By Scripps News
A biennial report released Wednesday by a team of experts that advises California's governor suggests that without action, severe and costly climate change impacts are possible across the state.
The state Climate Action Team (CAT) report uses updated, comprehensive scientific research to outline environmental and economic climate impacts. Its authors include Dan Cayan, a climate scientist at Scripps Institution of Oceanography, UC San Diego, and a member of the CAT steering team.
The technical papers in the report analyze such research areas as the impacts of sea level rise, higher temperatures, increased wildfires, decreased water supplies, increased energy demand, among others, on the state's environment, industries and economic prosperity. Each of the papers has or will undergo peer review by technical experts in private, public and governmental entities.
Impacts of climate change to California's coast, agriculture, forest and communities have been known and studied for years; however the studies that support the CAT report suggest that actual greenhouse gas emissions are outstripping 2006 projections. Of particular interest are the several papers focusing on the impacts of a rise in sea levels to coastal communities and increased potential of wildfires to residential areas.
"The Climate Action Team plays an essential role in the implementation of the state's climate initiatives and is guided by these important technical studies to ensure policy decisions are based on sound science," said Linda Adams, Secretary for Environmental Protection and Chair of the state's CAT.
"Any delay in fighting global warming would be detrimental to our economic stability – costing us billions of dollars and dampening the state's most important economic sectors. Taking immediate action on climate change is essential to slow the projected rate of warming. We also need to make smarter decisions in order to anticipate and adapt to the changes."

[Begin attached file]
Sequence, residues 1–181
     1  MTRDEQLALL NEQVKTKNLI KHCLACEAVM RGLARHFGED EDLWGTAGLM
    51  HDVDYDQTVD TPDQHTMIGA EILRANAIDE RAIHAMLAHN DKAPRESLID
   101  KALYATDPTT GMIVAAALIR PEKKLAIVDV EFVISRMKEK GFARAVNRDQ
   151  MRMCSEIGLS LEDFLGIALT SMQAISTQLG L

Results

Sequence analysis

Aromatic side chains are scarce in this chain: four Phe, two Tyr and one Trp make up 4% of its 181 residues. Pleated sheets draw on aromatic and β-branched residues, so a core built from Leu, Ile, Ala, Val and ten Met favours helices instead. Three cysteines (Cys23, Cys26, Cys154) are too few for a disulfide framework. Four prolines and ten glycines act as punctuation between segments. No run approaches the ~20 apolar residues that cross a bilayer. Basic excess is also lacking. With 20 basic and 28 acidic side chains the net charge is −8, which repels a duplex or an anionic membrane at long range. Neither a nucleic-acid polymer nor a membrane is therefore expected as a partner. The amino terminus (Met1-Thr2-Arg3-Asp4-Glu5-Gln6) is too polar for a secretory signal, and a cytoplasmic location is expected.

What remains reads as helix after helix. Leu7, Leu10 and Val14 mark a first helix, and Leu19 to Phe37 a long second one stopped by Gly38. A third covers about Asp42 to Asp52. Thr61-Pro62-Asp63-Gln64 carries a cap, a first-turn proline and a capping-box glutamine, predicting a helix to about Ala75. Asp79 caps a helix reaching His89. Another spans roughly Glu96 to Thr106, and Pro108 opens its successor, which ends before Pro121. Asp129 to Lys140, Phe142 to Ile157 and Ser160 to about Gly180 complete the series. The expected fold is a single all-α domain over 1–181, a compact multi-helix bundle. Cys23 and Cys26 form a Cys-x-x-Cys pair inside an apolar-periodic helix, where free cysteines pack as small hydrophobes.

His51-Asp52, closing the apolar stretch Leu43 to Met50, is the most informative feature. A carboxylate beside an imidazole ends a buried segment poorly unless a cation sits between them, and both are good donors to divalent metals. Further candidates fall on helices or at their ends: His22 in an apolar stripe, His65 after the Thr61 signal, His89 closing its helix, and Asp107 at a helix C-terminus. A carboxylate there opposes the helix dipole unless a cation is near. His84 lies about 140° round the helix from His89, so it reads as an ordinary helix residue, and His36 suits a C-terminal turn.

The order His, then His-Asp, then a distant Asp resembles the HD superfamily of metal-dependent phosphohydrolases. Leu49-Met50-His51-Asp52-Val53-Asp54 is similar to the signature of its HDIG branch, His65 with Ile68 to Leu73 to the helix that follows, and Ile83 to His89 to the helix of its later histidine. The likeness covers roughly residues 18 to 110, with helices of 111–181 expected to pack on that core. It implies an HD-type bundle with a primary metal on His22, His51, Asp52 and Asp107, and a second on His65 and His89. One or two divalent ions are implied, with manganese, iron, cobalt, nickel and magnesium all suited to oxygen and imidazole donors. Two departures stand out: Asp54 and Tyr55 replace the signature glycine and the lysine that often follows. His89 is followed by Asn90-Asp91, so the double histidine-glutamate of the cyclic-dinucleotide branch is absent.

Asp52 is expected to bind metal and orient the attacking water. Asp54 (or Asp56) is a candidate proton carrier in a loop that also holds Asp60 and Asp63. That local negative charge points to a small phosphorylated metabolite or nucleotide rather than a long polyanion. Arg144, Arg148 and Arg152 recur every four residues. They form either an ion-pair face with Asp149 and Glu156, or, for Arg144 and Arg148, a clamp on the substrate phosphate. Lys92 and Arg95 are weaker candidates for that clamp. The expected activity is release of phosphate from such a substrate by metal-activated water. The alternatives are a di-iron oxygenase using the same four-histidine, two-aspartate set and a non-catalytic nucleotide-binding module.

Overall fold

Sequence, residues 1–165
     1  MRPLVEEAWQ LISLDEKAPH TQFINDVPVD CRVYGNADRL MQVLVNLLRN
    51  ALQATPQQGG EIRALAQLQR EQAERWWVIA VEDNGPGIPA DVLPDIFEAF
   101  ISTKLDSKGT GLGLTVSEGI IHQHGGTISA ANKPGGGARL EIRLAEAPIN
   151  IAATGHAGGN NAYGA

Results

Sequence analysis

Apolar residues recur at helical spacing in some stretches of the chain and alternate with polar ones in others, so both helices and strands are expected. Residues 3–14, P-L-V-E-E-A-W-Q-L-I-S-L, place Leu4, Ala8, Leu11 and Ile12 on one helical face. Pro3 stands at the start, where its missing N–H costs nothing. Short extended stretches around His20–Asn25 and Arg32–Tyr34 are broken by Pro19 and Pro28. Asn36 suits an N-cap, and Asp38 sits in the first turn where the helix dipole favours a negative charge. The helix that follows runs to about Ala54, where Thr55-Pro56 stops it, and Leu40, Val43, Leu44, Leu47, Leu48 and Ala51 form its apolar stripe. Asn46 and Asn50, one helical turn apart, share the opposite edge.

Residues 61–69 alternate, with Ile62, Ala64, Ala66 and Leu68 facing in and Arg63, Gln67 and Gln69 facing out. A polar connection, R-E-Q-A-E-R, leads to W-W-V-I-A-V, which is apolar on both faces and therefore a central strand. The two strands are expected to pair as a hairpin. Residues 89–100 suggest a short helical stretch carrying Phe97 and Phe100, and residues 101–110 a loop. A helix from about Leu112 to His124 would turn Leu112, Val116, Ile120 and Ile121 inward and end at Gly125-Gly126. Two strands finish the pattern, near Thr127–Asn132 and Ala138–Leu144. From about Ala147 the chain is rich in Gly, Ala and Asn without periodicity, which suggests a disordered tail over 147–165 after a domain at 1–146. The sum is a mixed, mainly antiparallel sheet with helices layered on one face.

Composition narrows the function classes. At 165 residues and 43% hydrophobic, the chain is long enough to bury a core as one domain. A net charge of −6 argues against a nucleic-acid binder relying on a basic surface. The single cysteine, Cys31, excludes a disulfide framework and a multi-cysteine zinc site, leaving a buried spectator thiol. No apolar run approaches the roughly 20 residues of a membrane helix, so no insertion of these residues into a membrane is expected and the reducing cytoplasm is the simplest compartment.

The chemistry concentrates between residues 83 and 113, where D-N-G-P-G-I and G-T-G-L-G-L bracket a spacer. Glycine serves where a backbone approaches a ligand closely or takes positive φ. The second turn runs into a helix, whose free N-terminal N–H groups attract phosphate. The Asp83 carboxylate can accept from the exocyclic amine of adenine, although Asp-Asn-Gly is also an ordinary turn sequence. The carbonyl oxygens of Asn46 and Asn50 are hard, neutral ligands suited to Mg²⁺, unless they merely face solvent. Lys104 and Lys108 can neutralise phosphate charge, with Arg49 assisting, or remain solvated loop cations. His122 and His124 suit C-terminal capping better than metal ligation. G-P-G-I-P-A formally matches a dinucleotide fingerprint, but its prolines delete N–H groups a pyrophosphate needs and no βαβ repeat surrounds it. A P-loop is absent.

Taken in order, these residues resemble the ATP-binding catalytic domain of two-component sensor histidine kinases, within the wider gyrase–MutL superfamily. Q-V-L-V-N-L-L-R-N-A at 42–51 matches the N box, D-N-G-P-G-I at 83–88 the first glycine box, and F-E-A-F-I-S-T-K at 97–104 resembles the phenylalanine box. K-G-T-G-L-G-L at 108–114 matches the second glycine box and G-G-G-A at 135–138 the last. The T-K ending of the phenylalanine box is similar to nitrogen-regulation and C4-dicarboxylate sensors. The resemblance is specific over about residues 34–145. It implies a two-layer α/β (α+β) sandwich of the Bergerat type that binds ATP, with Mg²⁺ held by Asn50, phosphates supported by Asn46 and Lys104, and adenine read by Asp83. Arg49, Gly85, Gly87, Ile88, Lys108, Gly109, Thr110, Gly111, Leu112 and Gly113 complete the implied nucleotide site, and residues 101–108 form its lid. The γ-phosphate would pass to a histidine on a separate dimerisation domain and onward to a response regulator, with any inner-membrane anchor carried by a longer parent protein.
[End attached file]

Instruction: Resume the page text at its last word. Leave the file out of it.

"This report represents one of the most valuable products that the Scripps Institution of Oceanography team and the state's other world-class researchers deliver to the people of California," said Scripps Director Tony Haymet. "It's a great credit to the leadership of Dan and the rest of the steering team."
The CAT report, now available for public comment, synthesizes 37 research papers written by world-class scientists from prominent universities and research institutions. Three additional papers are still undergoing peer reviews and will be considered for inclusion in the final report later this summer.
The reports were funded, in part, through the California Energy Commission's Public Interest Energy Research (PIER) program and represent the most comprehensive and detailed scientific information to date on climate change impacts to California.
"The assessment finds an even stronger set of vulnerabilities to climate change than we found two years ago," said Cayan, a climate researcher for the U.S. Geological Survey in addition to Scripps. "This underscores the need for careful, continued monitoring of the natural and societal environment in California and heightens the imperative to sharpen our
modeling tools to provide regional projections that can be evaluated by state policymakers and other decision-makers."
The research papers also serve as the scientific foundation on which the state is developing its first Climate Adaptation Strategy (CAS). A chapter of the CAT report previews this work. Understanding that adaptation and mitigation must complement each other in the fight against climate change, Gov. Schwarzenegger signed a directive in November 2008 tasking the Natural Resources Agency with developing a CAS. When complete, this comprehensive effort will improve coordination within state government and more effectively plan for climate impacts from sea level rise, increased temperatures, shifting precipitation and extreme weather events.
"Delay in preparing for climate change is not an option," said Energy Commission Vice Chair James Boyd. "Based on the best and most current science, these new scenarios used in the CAT report will help California plan and manage against the potential impacts of a changing climate."
To view each of the draft papers and a list of authors, visit